West Indies England St John’s, Antigua 2004 751-4 861
England West Indies Kingston, Jamaica 1930 849-10 849
New Zealand Sri Lanka Wellington 1991 671-4 821
India Bangladesh Dhaka (Mirpur) 2007 610-3 816
Australia Zimbabwe Perth (WACA) 2003 735-6 810
Pakistan India Lahore 1989 699-5 809
South Africa Zimbabwe Harare 2001 600-3 806
Australia England Lord’s 1930 729-6 804
England India Lord’s 1990 653-4 803
Australia England Leeds (Headingley) 1993 653-4 803
Australia England The Oval 2001 641-4 791
Australia West Indies Kingston, Jamaica 1955 758-8 788
Pakistan India Hyderabad (Pak) 1983 581-3 787
India Pakistan Multan 2004 675-5 785
Australia England Lord’s 1993 632-4 782
England South Africa Lord’s 1924 531-2 779
West Indies New Zealand Wellington 1995 660-5 770
England South Africa Durban 1939 654-5 764
Pakistan Sri Lanka Faisalabad 1985 555-3 761
South Africa England Lord’s 2003 682-6 757
Pakistan Bangladesh Multan 2001 546-3 752
India Australia Sydney 2004 705-7 752
India Australia Sydney 1986 600-4 750

So Sri Lanka retains the No. 1 position under this calculation. However, the West Indies 790 for 3 moves up to second place, while England’s 849 all out in the Timeless Test of 1930 moves down to seventh.

Another aspect to these scores is that the distribution of the scores around these projections can be calculated, which means that the probability of a specific score can also be calculated. For example, the probability of a score of 790 for 3 actually exceeding the 1028 assigned to Sri Lanka’s record is about 24%.

One other possible calculation here is a re-appraisal of the most one-sided innings victories in Tests. Using the projected score, the margin of victory can be re-calculated and compared more evenly. The most one-sided Tests in this analysis are:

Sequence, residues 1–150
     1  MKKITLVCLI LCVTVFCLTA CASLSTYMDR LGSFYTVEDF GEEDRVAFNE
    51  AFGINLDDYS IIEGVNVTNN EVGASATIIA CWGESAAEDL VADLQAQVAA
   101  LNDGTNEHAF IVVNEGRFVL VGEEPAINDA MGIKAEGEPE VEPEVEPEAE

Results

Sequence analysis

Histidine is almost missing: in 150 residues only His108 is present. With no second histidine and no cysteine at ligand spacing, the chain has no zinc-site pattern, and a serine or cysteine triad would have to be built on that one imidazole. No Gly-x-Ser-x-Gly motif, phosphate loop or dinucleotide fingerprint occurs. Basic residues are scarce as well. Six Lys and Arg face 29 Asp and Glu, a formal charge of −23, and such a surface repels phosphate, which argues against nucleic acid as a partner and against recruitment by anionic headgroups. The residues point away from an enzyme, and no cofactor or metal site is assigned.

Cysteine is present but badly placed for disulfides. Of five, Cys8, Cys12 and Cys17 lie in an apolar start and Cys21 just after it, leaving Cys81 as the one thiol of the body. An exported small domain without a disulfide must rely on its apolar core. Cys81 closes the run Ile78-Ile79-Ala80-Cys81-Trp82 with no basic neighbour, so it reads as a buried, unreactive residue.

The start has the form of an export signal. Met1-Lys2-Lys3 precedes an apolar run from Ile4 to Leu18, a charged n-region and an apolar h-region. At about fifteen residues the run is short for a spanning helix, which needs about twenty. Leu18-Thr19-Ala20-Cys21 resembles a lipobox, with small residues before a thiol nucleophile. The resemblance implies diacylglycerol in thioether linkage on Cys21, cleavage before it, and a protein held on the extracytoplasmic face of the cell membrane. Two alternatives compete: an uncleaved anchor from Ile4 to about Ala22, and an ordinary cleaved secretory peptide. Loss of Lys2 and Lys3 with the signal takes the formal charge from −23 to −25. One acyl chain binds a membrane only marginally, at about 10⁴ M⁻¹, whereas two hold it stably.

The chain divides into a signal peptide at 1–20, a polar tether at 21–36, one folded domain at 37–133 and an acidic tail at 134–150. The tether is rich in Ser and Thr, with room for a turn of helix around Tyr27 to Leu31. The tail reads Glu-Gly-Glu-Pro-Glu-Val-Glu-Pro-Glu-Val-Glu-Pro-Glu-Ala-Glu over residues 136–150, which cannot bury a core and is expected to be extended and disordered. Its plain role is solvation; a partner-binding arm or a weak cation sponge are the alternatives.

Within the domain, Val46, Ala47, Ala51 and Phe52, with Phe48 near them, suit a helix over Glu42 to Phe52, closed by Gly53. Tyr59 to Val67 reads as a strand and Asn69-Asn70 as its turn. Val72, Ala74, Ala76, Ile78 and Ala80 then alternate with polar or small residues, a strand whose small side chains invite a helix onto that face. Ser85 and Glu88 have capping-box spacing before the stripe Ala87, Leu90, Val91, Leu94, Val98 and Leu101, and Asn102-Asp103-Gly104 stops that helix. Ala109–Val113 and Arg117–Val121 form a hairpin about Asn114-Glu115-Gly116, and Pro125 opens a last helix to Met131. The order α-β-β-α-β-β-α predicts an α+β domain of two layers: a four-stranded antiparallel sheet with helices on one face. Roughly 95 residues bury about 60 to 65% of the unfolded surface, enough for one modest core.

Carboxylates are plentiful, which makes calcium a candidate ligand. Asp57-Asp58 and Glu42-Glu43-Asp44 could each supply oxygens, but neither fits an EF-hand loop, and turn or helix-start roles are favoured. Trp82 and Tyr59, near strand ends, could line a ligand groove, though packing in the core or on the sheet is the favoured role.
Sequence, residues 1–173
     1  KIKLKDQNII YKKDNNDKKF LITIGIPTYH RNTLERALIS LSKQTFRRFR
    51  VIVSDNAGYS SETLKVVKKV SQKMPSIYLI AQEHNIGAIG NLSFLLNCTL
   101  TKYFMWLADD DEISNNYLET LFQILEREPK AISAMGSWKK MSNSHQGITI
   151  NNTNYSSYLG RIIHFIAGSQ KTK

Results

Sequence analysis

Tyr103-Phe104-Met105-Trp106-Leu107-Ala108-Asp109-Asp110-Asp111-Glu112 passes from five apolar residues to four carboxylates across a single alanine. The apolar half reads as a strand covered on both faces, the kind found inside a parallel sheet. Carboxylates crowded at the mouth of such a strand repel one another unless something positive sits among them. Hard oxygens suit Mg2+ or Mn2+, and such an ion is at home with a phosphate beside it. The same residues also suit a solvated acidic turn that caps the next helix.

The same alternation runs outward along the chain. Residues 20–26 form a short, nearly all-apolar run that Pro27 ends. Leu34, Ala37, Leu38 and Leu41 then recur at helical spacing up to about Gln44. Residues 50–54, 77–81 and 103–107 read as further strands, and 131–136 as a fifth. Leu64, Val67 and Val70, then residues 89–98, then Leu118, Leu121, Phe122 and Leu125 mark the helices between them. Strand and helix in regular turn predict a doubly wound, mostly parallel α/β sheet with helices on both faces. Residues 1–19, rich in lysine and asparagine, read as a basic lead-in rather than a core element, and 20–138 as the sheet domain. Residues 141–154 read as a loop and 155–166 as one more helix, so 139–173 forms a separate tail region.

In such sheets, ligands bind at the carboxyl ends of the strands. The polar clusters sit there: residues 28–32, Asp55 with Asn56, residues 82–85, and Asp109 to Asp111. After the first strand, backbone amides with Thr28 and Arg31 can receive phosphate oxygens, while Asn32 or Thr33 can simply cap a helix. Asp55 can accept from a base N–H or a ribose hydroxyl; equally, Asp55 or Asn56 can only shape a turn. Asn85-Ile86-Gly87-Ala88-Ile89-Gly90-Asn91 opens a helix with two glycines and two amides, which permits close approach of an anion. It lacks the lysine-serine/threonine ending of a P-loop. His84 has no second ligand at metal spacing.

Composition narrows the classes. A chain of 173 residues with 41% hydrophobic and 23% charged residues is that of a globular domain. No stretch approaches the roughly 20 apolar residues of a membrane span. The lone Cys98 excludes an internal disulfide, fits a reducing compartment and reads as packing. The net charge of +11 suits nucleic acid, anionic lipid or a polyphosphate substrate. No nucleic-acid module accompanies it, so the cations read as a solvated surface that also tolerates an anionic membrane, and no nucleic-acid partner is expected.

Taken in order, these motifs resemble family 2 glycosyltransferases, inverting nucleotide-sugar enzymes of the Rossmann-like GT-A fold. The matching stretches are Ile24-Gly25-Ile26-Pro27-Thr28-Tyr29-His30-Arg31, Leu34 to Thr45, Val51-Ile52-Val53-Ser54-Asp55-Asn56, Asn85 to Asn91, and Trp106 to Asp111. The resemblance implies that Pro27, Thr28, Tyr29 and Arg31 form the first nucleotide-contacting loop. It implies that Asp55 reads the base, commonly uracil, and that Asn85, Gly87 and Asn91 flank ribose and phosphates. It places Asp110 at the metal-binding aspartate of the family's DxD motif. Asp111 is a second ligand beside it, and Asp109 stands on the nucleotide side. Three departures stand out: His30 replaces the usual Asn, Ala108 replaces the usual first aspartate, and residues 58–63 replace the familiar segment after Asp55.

Most one-sided Tests
Venue, year Team Opponent Score Projected score Original margin Projected margin
The Oval 1938 England Australia 903-7 951 Inng and 579 Inng and 627
Multan 2001 Pakistan Bangladesh 546-3 752 Inng and 264 Inng and 470
Bulawayo 2004 Sri Lanka Zimbabwe 713-3 919 Inng and 254 Inng and 460
Kolkata 1958 West Indies India 614-5 724 Inng and 336 Inng and 446
Dhaka (Mirpur) 2007 India Bangladesh 610-3 816 Inng and 239 Inng and 445
Wellington 1995 West Indies New Zealand 660-5 770 Inng and 322 Inng and 432
Johannesburg (New Wanderers) 2002 Australia South Africa 652-7 699 Inng and 360 Inng and 407

(Please, no comments that the ‘highest’ does not mean the ‘greatest’. No one is claiming that it does. We are just looking at extremes here.)

[Technical note: the trajectory at large scores must be calculated with care, because teams that continue with great success from a high starting point rarely complete their innings. This must be allowed for in the calculation. The way to do this is through an iterative process, where big innings that are declared closed are themselves calculated through to completion, firstly for innings that are nine wickets down, then eight, seven, and so forth, and these results are then fed back into the calculation for end points starting from fewer wickets down.

For example, take a score of 500 for 3. This has occurred 37 times in Test matches. The projected score in this case is 705 all out. However, only three of the 37 teams have actually reached or exceeded a score of 705, while nine have been bowled out for less than 700. The reason that the projected score is above 700 is that many teams continue to do well but declare before reaching 700. Careful iterative analysis of these declared scores produces the average estimate of 205 runs added, or 705 all out for a projected score.]